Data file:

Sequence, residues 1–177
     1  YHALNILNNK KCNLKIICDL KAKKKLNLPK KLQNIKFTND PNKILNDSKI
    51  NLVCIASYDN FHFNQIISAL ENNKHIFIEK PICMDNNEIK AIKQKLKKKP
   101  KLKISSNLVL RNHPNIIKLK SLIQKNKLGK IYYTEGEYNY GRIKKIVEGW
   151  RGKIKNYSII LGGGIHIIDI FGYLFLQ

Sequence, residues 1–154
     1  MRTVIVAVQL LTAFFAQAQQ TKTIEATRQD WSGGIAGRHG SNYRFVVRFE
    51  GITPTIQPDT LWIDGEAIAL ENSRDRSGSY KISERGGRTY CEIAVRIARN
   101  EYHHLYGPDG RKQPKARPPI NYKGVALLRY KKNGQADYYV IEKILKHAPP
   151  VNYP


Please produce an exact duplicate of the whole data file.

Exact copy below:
Sequence, residues 1–177
     1  YHALNILNNK KCNLKIICDL KAKKKLNLPK KLQNIKFTND PNKILNDSKI
    51  NLVCIASYDN FHFNQIISAL ENNKHIFIEK PICMDNNEIK AIKQKLKKKP
   101  KLKISSNLVL RNHPNIIKLK SLIQKNKLGK IYYTEGEYNY GRIKKIVEGW
   151  RGKIKNYSII LGGGIHIIDI FGYLFLQ

Sequence, residues 1–154
     1  MRTVIVAVQL LTAFFAQAQQ TKTIEATRQD WSGGIAGRHG SNYRFVVRFE
    51  GITPTIQPDT LWIDGEAIAL ENSRDRSGSY KISERGGRTY CEIAVRIARN
   101  EYHHLYGPDG RKQPKARPPI NYKGVALLRY KKNGQADYYV IEKILKHAPP
   151  VNYP